There was a point in each battle where something didn't seem right.  Whether it was a two and a half-mile march to just sit and watch a two-hour battle without taking part as the sun barbecued us with no ice,  or marching and counter-marching, marching obliques and shuffling around or colliding with other Federal regiments while we're being fired at by laughing Confederates, things seemed to never go right until the very end.  I won't be pointing any fingers at my own unit or any other battalion, but somebody messed up.

Weapons inspection, preparing to go into the Wheatfield battle.

Here we are, just standing around while the officers discuss something we should have been doing.

Just a minute after the above photo was taken, after that terrible bow in our line was straightened out, we formed into ranks and commenced firing.  At that instant, a tiny baby deer ran out in front of our volleys and found itself in front of an entire division of the Union Army!  The poor thing looked terrified.  It ran up and down the line to look for an escape, darting its head left and right with scared black eyes the size of walnuts.  We opened up a few gaps in the ranks for it to pass through; we cheered when it finally did.  Then as it ran up the hill unseen behind us, a ground shaking cannon volley nearly knocked us off our feet.  A tall soldier standing next to me said "Well that deer just crapped himself!"

Watch the exact moment of the deer incident at 05:45-05:59 in this Youtube video.

This was during that night tactical of the Culp's Hill scenario of which I took a video. The rifles and shouting in the dim light of the dense woods made the fight very claustrophobic and real.

Marching out on the guidon with the Mifflin Guard in tow. The gentleman on the left behind the boy is about a foot taller than me.

I don't know who this guy is, but I like his choice of hat decoration.  It appears to be the severed claw of an eagle flipping "the bird" at the enemy.  And no, he wasn't looking at the camera. This was zoomed in pretty far.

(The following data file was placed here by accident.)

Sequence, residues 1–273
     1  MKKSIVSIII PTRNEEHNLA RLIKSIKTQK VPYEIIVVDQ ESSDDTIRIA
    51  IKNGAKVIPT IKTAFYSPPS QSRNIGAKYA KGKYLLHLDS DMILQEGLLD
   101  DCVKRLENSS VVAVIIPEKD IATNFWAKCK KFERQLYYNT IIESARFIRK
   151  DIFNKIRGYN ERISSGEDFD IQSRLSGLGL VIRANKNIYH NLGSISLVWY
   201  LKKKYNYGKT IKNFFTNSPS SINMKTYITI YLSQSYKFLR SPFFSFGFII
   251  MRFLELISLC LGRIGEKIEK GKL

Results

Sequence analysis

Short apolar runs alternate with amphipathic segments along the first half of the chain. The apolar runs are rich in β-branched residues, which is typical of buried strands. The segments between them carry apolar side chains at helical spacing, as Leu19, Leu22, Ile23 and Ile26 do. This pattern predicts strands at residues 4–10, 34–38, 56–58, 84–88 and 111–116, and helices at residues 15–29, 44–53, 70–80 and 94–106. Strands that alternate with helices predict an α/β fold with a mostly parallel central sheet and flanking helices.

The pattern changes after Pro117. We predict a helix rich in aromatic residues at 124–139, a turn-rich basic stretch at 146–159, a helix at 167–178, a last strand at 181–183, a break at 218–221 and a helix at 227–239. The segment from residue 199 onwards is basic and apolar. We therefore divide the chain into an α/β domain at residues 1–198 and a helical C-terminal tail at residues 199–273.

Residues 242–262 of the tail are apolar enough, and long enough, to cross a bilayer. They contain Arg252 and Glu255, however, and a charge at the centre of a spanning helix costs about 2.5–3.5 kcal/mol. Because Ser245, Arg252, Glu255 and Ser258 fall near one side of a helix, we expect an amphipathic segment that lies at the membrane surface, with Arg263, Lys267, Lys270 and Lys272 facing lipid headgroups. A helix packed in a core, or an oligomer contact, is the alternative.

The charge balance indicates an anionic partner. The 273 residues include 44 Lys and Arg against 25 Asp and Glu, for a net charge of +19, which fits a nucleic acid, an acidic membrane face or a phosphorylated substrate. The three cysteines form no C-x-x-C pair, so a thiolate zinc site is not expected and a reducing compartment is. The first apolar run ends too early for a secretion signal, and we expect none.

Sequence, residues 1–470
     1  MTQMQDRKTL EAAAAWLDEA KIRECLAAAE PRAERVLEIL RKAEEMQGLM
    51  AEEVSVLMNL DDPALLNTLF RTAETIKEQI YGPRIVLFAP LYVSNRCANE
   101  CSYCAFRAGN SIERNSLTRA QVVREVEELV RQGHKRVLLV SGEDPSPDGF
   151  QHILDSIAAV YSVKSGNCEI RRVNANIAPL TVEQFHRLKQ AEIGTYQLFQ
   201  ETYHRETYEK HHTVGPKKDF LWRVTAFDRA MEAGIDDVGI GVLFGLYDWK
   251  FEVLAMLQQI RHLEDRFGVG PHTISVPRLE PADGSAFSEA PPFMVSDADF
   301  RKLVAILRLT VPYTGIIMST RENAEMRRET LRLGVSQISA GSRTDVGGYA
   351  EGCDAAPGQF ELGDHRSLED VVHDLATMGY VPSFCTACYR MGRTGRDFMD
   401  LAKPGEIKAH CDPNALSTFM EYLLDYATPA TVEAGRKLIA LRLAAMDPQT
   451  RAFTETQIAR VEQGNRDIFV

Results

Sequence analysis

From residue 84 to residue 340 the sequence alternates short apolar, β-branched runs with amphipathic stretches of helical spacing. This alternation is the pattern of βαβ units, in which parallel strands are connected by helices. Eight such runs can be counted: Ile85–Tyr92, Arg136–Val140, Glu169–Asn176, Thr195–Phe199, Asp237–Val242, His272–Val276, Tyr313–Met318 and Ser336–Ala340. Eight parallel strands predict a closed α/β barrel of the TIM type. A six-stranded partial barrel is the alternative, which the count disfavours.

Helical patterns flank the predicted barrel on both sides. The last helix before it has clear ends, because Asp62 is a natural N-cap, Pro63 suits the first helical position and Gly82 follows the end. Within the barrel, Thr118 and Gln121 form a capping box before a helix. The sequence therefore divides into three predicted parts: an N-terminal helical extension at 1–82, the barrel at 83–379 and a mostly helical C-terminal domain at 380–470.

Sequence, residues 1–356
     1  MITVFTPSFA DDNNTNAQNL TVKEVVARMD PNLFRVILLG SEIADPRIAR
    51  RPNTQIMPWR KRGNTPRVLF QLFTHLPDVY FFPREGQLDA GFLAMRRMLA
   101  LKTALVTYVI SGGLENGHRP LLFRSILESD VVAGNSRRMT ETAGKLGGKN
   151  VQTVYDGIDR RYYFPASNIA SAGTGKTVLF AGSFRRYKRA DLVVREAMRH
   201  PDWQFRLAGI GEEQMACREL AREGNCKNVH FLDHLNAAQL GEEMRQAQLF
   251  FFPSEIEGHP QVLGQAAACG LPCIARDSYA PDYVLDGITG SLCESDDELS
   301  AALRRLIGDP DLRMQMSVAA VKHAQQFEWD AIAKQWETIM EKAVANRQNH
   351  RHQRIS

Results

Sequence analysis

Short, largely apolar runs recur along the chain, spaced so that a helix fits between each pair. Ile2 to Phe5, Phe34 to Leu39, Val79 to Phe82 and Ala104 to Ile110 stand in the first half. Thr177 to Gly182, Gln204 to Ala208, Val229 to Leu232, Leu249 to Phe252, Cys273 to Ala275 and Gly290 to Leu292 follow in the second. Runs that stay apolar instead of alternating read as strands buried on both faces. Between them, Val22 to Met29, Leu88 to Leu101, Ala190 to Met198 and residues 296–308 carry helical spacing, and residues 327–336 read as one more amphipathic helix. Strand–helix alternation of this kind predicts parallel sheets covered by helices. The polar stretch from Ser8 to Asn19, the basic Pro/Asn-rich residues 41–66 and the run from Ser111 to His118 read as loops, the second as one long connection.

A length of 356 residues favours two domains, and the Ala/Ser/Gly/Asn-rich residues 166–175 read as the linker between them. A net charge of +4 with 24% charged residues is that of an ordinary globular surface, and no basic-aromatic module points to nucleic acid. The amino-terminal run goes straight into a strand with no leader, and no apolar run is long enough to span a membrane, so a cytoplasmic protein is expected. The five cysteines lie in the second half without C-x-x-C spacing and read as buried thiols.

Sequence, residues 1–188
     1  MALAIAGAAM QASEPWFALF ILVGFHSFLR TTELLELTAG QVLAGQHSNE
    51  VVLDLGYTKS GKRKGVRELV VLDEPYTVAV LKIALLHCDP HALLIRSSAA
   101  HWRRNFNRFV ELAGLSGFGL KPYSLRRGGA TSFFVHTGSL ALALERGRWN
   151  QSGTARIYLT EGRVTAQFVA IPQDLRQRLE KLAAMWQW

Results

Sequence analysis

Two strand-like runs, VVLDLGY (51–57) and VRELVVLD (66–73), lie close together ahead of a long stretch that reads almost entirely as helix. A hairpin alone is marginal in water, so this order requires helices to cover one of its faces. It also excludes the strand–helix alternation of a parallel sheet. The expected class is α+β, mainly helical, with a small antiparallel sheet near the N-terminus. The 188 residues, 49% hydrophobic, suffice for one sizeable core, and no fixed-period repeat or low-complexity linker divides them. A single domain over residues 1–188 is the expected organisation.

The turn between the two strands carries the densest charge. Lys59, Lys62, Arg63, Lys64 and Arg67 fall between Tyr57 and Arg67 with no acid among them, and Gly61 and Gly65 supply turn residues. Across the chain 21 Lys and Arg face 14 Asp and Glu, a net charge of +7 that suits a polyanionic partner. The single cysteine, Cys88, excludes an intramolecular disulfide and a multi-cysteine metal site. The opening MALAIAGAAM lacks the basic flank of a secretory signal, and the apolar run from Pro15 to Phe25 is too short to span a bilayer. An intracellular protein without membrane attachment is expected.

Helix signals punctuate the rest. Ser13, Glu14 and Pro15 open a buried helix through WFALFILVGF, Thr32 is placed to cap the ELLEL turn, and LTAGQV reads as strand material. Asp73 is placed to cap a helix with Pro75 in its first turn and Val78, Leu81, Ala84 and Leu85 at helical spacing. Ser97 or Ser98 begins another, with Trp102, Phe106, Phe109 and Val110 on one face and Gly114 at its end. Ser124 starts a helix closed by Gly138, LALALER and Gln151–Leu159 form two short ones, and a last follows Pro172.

Then of course, we saw Pickett's Charge on Sunday.  We were at the extreme right (our right, spectator's left) of the Union defense along the wall.  I was able to take this shot because I went out as a "waterboy" (whatever a male vivandiere is called).  I gave tin cups full of ice to wounded men on the field in front of us, even as the guns were firing. With the artillery shaking the ground and men screaming, moaning and shouting over the rifle shots all around me, let me tell you it was the most intense couple minutes of my life.

Has anyone besides us reenactors ever experienced some 8,000 screaming men with rifles charging directly at us from over a mile away?  I certainly hope no one ever has to.

Granted, while many aspects of this past weekend left some to be desired, I for one am glad that I participated, and felt that I got my money's worth.  I saw something on the field that hot Sunday afternoon that may not be seen for another fifty years, or until the next movie of the battle of Gettysburg is made.

And what did they give me to commemorate this unprecedented, once-in-a-lifetime historic anniversary event?  A wooden nickel, about as cheap as you can get.  A wooden nickel which then started to warp in the heat and humidity inside my trouser pocket, and before the end of the weekend it had snapped in half.

The GAC boys the next weekend have no right to complain.  No matter how badly this other event goes, no matter how terrible the weather is, how long the lines are or how poorly scripted the battles end up least they get a real bronze medal.

1 comment:

  1. I love your photos, especially the ones with the light shining through.